Cantwell: “Republican Tax Plan Would be Paid for on the Backs of Middle Class Families”
WASHINGTON, D.C. – Today, the U.S. Senate Committee on Finance began its mark-up process to debate and amend the Senate Republican tax proposal. In her opening remarks, Senator Maria Cantwell (D-WA) challenged the plan for its tax increase on middle class Washington families.
“A big chunk of this bill is being paid for on the backs of middle class families by taking away their deductions,” said Cantwell. “This isn’t simplification of our tax code, it’s simply raising taxes on middle class families in my state. And it’s raising taxes on millions of Americans across the United States to give a break to the corporations. So it’s a very different structure than we talked about.
A Joint Committee on Taxation, Congress’ official tax scorekeeper, analysis found that many middle class families would face a tax hike under the Senate GOP tax bill.
Cantwell’s full remarks are below.
Senator Maria Cantwell
Opening Remarks before the Senate Finance Committee Markup on Republican Tax Bill
November 13, 2017
Senator Cantwell: Mr. Chairman, I’ll try to do my best but this is pretty important legislation. First I want to say I don’t agree with many of the president’s economic strategies. I don’t believe in his notion of fear and isolationism. I don’t believe in his notion of discussing things that are going to start trade wars. I don’t believe in his lack of support for a functioning Export-Import Bank that will help US manufacturers build products and seek homes and find their acceptance in international markets. I don’t support his notion that the FERC ought to mandate that consumers in Ohio or Pennsylvania or Kentucky pay higher electricity rates by forcing them to adhere to purchasing coal because he wants to bring coal back. And I don’t support his notions of cutting innovation and R&D in various sectors of our economy. I sure don’t think you have to apply this sort of FERC logic on coal to oil and say that the only way that Amazon or Microsoft can get a tax break is if we destroy the great wilderness of the Arctic Wildlife Refuge.
So no I too had high hopes for what would be a discussion about our corporate tax rate, having many companies in my state that have to compete on an international basis. I hoped that we were going to have that discussion and when my colleagues on the other side of the aisle said it needed to be deficit-neutral, I listened. I thought ‘okay, this is interesting.’ When they said we are going to close corporate loopholes to pay for a corporate rate reduction, I listened and I thought ‘well, maybe this is where we’re going to go. We’re going to sit down in a collaborative fashion and work together.’ And Mr. Chairman, you and I do have a good working relationship, but the notion that the president had a meeting of the Finance members to come down the White House and I wasn’t invited because I represent a state that he didn’t win is a ridiculous idea.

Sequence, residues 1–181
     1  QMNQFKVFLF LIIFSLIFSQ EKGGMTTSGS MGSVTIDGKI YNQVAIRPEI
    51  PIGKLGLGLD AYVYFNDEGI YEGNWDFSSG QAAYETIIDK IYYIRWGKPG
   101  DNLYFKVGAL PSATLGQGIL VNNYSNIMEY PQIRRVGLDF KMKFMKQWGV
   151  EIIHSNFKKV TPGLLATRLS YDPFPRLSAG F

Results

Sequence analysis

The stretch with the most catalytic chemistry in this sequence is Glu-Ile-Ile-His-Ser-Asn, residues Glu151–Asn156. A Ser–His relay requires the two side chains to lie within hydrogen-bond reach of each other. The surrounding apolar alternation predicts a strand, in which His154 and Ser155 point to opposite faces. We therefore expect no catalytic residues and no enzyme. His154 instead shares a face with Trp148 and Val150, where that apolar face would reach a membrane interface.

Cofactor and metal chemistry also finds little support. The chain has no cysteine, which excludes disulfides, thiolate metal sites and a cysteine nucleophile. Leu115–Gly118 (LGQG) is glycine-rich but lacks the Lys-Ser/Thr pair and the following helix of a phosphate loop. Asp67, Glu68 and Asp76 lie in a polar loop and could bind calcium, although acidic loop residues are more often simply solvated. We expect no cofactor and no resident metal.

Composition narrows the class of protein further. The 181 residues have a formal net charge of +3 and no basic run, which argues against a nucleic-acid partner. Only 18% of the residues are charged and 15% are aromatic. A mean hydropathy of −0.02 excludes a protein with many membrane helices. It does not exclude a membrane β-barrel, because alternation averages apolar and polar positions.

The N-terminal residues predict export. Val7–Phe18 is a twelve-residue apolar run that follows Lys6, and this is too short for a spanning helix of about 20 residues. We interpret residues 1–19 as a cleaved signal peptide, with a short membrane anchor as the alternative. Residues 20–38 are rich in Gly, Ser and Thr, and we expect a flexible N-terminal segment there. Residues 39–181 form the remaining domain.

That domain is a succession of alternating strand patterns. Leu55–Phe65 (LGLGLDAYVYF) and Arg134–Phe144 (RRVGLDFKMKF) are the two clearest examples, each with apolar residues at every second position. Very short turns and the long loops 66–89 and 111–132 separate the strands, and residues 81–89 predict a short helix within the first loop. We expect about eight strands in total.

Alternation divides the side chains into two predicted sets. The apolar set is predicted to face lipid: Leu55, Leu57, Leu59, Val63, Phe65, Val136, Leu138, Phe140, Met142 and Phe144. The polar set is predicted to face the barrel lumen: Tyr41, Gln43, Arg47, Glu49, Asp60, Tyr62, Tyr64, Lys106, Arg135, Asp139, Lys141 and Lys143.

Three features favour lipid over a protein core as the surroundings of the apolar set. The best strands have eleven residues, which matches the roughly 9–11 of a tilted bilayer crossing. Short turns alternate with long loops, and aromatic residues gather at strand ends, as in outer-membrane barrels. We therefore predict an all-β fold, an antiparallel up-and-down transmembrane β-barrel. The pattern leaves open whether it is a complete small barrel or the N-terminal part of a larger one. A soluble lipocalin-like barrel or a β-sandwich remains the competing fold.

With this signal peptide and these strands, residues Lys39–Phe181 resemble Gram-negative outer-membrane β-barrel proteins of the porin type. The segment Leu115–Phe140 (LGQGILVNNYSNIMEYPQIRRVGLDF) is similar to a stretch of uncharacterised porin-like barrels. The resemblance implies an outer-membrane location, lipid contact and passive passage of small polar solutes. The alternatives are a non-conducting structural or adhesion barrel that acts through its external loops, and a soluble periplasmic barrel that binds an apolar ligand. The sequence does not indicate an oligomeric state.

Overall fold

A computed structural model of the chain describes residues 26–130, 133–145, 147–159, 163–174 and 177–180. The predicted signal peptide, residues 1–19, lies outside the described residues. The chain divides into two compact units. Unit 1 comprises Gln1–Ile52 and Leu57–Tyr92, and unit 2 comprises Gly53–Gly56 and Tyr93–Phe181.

So, the notion that where we are today and my main objection, is that instead of doing those things that we talked about on the corporate tax rate, looking at some of these things like carried interest or in-kind exchanges or the fact that golf courses get tax breaks. Instead, a big chunk of this bill is being paid for on the backs of middle class families by taking away their deductions. Their local sales tax deduction from a state like mine that doesn’t have an income tax, from their property taxes not being able to be deducted, or the mortgage deduction and I know there’s differences between the House and the Senate bill. But this isn’t simplification of our tax code, it’s simply raising taxes on middle class families in my state. And it’s raising taxes on millions of Americans across the United States to give a break to the corporations. So it’s a very different structure than we talked about.
Now, most are objecting – because Mr. Chairman you and I have worked very hard – trying to make more affordable housing. But by getting rid of these deductions on property taxes on home mortgage, the notion that you’re getting rid of private activity bonds in the House legislation and that you’re making changes to the Low Income Tax Credit in this Senate bill is just making housing more expensive at a time when we have a record number of Americans who are in unaffordable housing situations.
So I look at our challenges and I know that you or some of our colleagues talked about the credit that small business are getting. It’s so complex. It’s so challenging. I don’t know what small businesses are going to benefit from this. So Mr. Chairman I hope that we can slow down. The reason I mentioned the housing, and I will wrap up, is that housing used to be 15% of GDP. In the few hearings that we did have on this, now it’s only 12% of GDP. This bill, I know you think this notion of returning investment overseas, not a bad idea, something we could talk about. But we’re just returning it and it’s just going to the dividend pool. There’s nothing in there that says it should go to infrastructure investment. There’s nothing in there that says it should go to roads or housing or even job training. And I guarantee you: it’s not worth giving a tax break to corporations if you can’t find a qualified workforce or they have to live an hour and a half away because housing is so expensive. So Mr. Chairman, thank you for the additional minute. I think five is a very good target. And I appreciate, I hope we’ll slow down. I hope we’ll have the courage to work together in a regular order process.
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